WIMBLEDON'S SECURITY BLUNDER; Standard Reporter Is Given Job as Driver to Tennis Stars with False CV and No References
Byline: SHEKHAR BHATIA
A SERIOUS loophole in security at Wimbledon is exposed today.
Evening Standard reporter Bo Wilson spent two weeks undercover as a driver at the All England Lawn Tennis Club, transporting players and coming within feet of some of tennis's biggest names and members of the royal family.
Despite pledges of the tightest security ever, our reporter obtained the job without giving references and by providing a false CV which was never questioned.
Every day, as thousands of spectators queued to be searched for weapons, the official car she was driving was allowed through checkpoints without even a cursory search. Our reporter was also able to obtain access to a series of restricted areas in the club, including the Centre Court, where entry is by ticket only.
She was able to sit opposite the royal box, which this year has also hosted celebrities including Sir Sean Connery, Olympic athlete Sir Steve Redgrave, Chelsea captain John Terry and leading figures from industry.
The security lapses are all the more disturbing as Wimbledon officials and police are concerned about the threat of stalkers at the tournament.
Plainclothes police are deployed in the grounds and staff are supposed to be searched as well as spectators. Wilson was told by police during her training: "Wimbledon is the number one terrorist target in London over those two weeks."
In fact she was able to talk freely to a series of players and mingle with other stars and members of the royal family including Princess Michael of Kent.
She even had her photograph taken with French star Mary Pierce.
Richard Williams - father of Serena and Venus - said today he was horrified by the security lapse.
"That's sick and it's frightening," he said. "I am horrified that this was able to happen. I can't believe it.
"It's shocking that this reporter got away with it, that no one realised her CV
was fake and she wasn't who she said she was. She could have been anyone."
Our reporter was employed by Corniche Events but no one from the company was available for comment.
A Wimbledon spokesman defended its security measures and said the club always took references of people it employed directly.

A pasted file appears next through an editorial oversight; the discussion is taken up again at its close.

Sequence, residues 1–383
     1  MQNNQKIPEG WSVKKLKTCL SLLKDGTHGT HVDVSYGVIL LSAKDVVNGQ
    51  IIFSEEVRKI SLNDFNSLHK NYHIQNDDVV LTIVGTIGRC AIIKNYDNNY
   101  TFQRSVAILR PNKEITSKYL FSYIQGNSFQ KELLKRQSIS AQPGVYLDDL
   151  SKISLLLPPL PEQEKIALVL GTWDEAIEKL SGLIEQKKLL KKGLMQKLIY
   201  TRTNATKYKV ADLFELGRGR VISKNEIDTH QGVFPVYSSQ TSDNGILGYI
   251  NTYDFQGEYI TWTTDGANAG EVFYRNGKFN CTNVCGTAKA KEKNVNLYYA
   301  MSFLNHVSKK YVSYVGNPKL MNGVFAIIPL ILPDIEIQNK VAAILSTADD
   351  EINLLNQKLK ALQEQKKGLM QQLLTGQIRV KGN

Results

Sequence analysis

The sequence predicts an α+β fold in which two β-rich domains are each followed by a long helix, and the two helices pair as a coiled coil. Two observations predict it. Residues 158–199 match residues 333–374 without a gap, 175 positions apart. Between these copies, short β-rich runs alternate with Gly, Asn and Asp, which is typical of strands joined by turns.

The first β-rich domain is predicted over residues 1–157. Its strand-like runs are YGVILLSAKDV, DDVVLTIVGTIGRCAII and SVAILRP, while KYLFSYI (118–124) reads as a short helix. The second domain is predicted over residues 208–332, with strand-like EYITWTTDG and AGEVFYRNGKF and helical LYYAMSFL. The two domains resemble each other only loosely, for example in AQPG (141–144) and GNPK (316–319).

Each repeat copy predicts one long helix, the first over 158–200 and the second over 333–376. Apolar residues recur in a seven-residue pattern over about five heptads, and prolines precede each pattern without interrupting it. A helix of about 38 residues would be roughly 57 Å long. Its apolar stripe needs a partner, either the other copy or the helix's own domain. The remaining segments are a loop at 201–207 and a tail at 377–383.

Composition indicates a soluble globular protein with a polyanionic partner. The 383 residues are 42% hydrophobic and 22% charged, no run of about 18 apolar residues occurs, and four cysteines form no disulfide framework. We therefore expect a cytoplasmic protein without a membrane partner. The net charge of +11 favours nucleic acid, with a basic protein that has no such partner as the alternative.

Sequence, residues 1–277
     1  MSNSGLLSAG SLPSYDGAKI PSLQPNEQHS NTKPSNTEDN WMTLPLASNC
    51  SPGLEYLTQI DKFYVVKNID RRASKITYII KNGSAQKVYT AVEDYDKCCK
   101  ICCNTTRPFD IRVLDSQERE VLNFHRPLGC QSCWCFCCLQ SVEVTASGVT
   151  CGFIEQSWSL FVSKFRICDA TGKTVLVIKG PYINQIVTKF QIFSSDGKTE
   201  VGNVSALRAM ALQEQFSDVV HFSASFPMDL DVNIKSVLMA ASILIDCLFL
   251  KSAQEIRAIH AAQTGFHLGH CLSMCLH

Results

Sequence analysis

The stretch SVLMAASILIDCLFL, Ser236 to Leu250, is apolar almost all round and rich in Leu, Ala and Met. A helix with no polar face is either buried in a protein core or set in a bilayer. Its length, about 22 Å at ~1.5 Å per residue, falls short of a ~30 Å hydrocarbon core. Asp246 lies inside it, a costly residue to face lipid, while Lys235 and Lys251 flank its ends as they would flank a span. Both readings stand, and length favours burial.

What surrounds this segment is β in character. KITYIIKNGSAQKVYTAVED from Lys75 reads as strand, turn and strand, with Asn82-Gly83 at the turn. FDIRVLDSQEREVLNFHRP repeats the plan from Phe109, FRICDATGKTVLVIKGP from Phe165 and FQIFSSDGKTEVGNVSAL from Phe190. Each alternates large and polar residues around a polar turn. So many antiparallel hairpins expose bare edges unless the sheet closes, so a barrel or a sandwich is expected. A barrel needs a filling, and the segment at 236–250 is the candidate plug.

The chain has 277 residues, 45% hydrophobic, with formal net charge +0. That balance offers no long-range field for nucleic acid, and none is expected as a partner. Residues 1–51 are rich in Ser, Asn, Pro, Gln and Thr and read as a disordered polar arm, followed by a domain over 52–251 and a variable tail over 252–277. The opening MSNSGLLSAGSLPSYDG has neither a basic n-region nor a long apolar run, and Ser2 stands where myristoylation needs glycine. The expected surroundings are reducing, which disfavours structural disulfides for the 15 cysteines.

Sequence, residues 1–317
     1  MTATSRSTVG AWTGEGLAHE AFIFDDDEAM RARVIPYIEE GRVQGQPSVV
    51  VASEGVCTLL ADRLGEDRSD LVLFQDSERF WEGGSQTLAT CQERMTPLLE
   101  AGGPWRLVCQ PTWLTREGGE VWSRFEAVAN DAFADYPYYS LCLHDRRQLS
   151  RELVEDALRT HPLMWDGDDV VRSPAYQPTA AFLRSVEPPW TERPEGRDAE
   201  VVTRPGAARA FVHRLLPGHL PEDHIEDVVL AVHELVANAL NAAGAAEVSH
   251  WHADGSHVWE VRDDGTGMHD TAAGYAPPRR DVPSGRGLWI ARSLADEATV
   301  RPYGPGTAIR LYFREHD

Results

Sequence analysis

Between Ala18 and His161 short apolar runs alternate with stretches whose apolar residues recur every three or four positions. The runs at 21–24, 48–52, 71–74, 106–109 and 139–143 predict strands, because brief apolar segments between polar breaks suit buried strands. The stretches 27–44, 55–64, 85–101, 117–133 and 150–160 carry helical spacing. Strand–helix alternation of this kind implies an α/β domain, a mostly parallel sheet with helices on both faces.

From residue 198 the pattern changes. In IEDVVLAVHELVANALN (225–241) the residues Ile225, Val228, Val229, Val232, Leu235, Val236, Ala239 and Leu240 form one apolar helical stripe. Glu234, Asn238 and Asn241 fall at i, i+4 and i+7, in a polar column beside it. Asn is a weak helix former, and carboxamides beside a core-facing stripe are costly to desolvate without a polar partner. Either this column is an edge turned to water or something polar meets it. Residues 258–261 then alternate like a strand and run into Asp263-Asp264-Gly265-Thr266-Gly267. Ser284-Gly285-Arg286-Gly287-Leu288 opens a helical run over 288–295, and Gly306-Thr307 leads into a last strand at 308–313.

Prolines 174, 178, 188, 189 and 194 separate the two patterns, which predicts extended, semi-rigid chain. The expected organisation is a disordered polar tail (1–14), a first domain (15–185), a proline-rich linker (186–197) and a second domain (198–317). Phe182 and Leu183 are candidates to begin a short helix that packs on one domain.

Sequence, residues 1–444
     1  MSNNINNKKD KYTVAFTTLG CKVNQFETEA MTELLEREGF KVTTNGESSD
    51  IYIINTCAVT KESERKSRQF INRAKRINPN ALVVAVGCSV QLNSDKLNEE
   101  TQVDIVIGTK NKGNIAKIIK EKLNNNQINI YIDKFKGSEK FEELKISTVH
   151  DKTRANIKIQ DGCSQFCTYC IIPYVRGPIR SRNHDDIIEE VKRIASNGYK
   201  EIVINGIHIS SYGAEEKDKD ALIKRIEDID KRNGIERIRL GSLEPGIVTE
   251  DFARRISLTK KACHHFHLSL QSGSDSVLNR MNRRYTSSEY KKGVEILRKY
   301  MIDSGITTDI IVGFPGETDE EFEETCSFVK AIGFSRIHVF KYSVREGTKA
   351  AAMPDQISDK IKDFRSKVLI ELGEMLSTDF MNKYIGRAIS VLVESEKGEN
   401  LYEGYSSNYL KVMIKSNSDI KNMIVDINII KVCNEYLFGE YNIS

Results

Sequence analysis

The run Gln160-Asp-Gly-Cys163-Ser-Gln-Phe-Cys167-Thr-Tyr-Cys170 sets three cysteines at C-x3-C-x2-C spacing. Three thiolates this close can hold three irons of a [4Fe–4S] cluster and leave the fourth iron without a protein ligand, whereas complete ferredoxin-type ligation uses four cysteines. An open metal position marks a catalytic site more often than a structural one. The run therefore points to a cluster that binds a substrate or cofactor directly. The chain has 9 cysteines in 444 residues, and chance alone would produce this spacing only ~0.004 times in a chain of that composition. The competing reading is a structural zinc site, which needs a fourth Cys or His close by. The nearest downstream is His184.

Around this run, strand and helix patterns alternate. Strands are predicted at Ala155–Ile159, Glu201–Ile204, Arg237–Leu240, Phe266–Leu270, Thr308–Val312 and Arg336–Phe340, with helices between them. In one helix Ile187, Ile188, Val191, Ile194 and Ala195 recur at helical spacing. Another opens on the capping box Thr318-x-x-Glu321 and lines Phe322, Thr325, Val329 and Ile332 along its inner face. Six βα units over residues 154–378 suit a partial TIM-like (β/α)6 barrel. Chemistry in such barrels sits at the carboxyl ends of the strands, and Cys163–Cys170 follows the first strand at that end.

He said: "We are satisfied that the appropriate security and criminal checks were carried out by the appropriate authorities and that this person posed no threat."
The reporter got a job driving players after staff at Wimbledon contacted the Standard to express their concerns about security.
She applied on the internet for the post with a newly formed company which holds the contract for the courtesy trips to which players are entitled during the tournament.
Corniche Events gave her the job despite never asking for references and being given a deliberately bogus CV.
None of the false information she supplied on the application was questioned during a brief interview.
Our reporter drove freely into the tournament every day without her car ever being checked.
Her wages and uniform are being returned to the company.
BO WILSON'S WIMBLEDON DIARY
IT was simple enough to secure my place as a Wimbledon driver.
The training was barely a challenge either. Shortly before the tournament began, all 290 of us had to undergo a two-day training course on how to ferry the players around.
Rules and regulations were simple.
Aside from obeying the laws of the road, we were told to keep our uniform washed and to smile at the tennis stars.
We were advised not to ask the players if they had "had a good day" as they might have just lost a match.
We were also warned about confidentiality - after signing an agreement not to speak to the press, we were warned against paparazzi hounding us and journalists "doing anything they could" to get the addresses of the players. …